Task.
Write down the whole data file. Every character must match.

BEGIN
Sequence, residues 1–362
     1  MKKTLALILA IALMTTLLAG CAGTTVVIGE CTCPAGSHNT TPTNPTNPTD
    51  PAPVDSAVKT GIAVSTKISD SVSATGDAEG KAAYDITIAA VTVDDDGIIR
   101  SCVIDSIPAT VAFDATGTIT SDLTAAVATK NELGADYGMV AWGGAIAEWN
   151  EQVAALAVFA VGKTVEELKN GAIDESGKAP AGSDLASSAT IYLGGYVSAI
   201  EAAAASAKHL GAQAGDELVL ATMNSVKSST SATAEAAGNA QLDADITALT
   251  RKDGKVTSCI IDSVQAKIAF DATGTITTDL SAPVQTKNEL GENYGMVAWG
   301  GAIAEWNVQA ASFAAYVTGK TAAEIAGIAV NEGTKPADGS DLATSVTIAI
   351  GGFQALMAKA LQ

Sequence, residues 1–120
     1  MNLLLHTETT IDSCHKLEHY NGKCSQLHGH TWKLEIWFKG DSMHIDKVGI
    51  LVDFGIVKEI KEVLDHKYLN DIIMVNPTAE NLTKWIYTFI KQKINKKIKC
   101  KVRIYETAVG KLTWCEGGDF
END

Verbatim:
Sequence, residues 1–362
     1  MKKTLALILA IALMTTLLAG CAGTTVVIGE CTCPAGSHNT TPTNPTNPTD
    51  PAPVDSAVKT GIAVSTKISD SVSATGDAEG KAAYDITIAA VTVDDDGIIR
   101  SCVIDSIPAT VAFDATGTIT SDLTAAVATK NELGADYGMV AWGGAIAEWN
   151  EQVAALAVFA VGKTVEELKN GAIDESGKAP AGSDLASSAT IYLGGYVSAI
   201  EAAAASAKHL GAQAGDELVL ATMNSVKSST SATAEAAGNA QLDADITALT
   251  RKDGKVTSCI IDSVQAKIAF DATGTITTDL SAPVQTKNEL GENYGMVAWG
   301  GAIAEWNVQA ASFAAYVTGK TAAEIAGIAV NEGTKPADGS DLATSVTIAI
   351  GGFQALMAKA LQ

Sequence, residues 1–120
     1  MNLLLHTETT IDSCHKLEHY NGKCSQLHGH TWKLEIWFKG DSMHIDKVGI
    51  LVDFGIVKEI KEVLDHKYLN DIIMVNPTAE NLTKWIYTFI KQKINKKIKC
   101  KVRIYETAVG KLTWCEGGDF